Till Christ Be Formed in Every Heart



The Spiritual Danger of Private Revelations

What is Public and Private Revelation?

Hey Catholics, stop reading books and web sites (especially web sites) based upon private revelations that are not approved by the Church. If you are putting stock in these things, and they turn out to be false, you've been building yourself up to a disaster. At best, if they get approved, they are still only private revelation. Private revelations are not meant for the Universal Church, but for a specific time, place, or group. It ain't Gospel and never will be. Yet, often the followers of private revelations try to demand universal assent of faith to these unapproved apparitions and locutions as if they were the doctrine of the Immaculate Conception or something akin to it.

It is not a healthy spiritual practice to dive into these texts or web sites until they are approved. My advice is to stay away until the Church deems them credible. Let the Church guide you. Don't be a jerk, but be cautious, and look out for those red flags that something's fishy with a message.

Public Revelation: The Deposit of Faith

All public revelation ceased with the death of the last Apostle, who was John the Beloved. The fullness of all divine revelation is the person of Jesus Christ. With the preaching of the Apostles, both in Sacred Scripture and Sacred Tradition, the Deposit of Faith is completed. Our understanding and application of this once-for-all Deposit unfolds throughout human history, but the Deposit itself remains unchanged. If any private revelation challenges this immutable quality of the Deposit by seeking to add to public revelation, like the Book of Mormon claims, you ditch it. Here's the Catechism on the matter:

Christ, the Son of God made man, is the Father's one, perfect and unsurpassable Word. In him he has said everything; there will be no other word than this one. ...Yet even if Revelation is already complete, it has not been made completely explicit; it remains for Christian faith gradually to grasp its full significance over the course of the centuries. (CCC #65-66)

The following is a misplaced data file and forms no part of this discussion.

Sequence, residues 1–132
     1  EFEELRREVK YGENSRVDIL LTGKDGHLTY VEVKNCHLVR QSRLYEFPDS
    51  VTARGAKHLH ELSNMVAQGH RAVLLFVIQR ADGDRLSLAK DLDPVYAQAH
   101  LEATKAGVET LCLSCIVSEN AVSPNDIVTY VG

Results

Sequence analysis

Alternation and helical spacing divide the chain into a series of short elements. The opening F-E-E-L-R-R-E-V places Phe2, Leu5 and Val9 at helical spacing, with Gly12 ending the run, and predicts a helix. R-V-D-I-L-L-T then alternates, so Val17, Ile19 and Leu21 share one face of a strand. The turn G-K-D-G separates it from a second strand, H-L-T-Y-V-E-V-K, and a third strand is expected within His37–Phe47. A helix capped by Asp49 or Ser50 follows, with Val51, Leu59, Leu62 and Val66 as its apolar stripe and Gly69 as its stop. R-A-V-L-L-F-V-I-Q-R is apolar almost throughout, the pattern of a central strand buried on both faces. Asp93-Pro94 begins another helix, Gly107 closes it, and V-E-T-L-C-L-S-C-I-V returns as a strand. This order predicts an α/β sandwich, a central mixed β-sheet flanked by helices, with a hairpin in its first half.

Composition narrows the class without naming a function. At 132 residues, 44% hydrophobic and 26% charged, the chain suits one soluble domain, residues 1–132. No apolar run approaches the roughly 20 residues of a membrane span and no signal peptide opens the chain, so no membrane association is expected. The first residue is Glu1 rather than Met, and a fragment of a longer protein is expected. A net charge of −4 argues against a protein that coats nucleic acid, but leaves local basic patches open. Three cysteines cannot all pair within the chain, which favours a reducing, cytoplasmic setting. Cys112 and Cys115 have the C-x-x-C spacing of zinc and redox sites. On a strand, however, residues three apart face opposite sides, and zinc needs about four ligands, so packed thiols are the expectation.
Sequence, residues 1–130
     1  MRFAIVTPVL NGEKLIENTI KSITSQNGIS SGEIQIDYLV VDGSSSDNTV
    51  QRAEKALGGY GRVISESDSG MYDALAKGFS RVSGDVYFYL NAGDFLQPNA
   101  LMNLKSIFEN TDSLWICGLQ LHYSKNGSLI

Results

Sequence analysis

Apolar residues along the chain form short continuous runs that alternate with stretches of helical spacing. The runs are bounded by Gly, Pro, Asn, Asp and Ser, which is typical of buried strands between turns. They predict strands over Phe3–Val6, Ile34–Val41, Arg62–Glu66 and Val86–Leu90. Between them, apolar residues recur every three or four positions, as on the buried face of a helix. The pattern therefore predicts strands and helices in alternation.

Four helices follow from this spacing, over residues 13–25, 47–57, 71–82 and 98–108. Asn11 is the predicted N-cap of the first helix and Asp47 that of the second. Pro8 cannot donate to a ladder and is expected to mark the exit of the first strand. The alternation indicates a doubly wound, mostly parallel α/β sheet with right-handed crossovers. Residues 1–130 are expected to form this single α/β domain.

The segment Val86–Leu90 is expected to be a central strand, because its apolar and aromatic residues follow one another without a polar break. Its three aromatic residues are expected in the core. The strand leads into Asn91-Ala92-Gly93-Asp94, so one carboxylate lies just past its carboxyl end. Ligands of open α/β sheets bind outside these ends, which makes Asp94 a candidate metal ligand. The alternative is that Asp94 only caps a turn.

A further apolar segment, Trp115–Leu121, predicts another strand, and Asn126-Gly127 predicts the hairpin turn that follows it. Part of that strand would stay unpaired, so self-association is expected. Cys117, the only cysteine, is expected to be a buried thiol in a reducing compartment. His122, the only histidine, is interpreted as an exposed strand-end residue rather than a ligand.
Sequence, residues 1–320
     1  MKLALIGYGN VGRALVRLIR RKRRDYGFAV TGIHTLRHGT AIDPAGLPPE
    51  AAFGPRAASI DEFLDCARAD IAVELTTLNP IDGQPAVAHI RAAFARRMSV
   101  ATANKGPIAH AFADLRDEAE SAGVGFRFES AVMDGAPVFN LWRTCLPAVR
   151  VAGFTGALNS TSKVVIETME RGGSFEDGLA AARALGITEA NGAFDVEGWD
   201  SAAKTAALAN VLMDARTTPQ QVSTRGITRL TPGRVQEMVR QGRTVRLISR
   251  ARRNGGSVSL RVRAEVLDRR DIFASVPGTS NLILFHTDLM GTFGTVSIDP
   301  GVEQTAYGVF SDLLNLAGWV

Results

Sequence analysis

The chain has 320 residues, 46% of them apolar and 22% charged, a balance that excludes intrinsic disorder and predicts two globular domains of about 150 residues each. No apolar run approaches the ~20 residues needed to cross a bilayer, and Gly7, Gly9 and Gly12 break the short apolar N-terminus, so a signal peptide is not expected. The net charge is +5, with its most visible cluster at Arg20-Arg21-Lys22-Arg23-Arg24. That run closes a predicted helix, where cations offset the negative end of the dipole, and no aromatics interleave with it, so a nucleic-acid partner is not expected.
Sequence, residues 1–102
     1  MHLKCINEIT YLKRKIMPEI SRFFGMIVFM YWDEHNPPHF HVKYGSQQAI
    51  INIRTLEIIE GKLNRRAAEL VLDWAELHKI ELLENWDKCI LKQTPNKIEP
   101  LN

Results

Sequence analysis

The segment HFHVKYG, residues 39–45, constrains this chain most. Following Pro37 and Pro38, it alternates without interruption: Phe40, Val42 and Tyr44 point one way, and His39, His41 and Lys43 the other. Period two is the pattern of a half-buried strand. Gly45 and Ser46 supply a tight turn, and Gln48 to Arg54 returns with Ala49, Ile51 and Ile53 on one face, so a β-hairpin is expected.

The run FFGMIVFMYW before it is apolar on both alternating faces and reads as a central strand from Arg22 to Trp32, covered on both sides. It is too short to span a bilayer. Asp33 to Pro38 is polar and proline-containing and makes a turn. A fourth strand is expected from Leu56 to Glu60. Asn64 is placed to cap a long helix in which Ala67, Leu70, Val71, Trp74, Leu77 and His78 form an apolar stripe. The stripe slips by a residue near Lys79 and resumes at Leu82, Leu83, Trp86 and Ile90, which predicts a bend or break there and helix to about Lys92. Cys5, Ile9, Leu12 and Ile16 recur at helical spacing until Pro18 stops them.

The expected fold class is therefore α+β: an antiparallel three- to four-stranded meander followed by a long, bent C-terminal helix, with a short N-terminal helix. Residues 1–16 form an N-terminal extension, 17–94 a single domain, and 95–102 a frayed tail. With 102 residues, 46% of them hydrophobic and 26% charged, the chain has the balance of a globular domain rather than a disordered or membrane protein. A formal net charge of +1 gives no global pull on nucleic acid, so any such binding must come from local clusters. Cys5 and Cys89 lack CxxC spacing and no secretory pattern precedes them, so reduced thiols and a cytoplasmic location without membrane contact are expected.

Private Revelation as Prophecy

Private revelation is what Scripture calls "Prophecy" and its presence in the early Church was commonly offered during liturgical celebrations for the specific community it was spoken in. Believers, animated by the Holy Spirit, would commonly be heard praising in tongues and uttering prophecies during or surrounding the Mass. St. Paul is adamant that prophecy belongs to the Church and is a part of her life as a charism of the Holy Spirit. In 1 Thessalonians 5:19-21 Paul speaks to the Christian community these words regarding prophecy:

Do not quench the Spirit. Do not despise prophetic utterances. Test everything; retain what is good.

Respect it, but test it. False prophets are common. People can have real experiences of God in contemplative prayer, but miscommunicate what they received. Some people just make stuff up, too. And others are deeply decieved. It takes discernment, education in the Faith, and prudential judgment in deciding what is or is not edifying, correct, and holy, which is why we need the guidance of the Church.

Here's what the Catechism of the Catholic Church has to say about it under the title, "There Will Be No Further Revelation": 

Throughout the ages, there have been so-called "private" revelations, some of which have been recognized by the authority of the Church. They do not belong, however, to the deposit of faith. It is not their role to improve or complete Christ's definitive Revelation, but to help live more fully by it in a certain period of history. Guided by the Magisterium of the Church, the sensus fidelium knows how to discern and welcome in these revelations whatever constitutes an authentic call of Christ or his saints to the Church.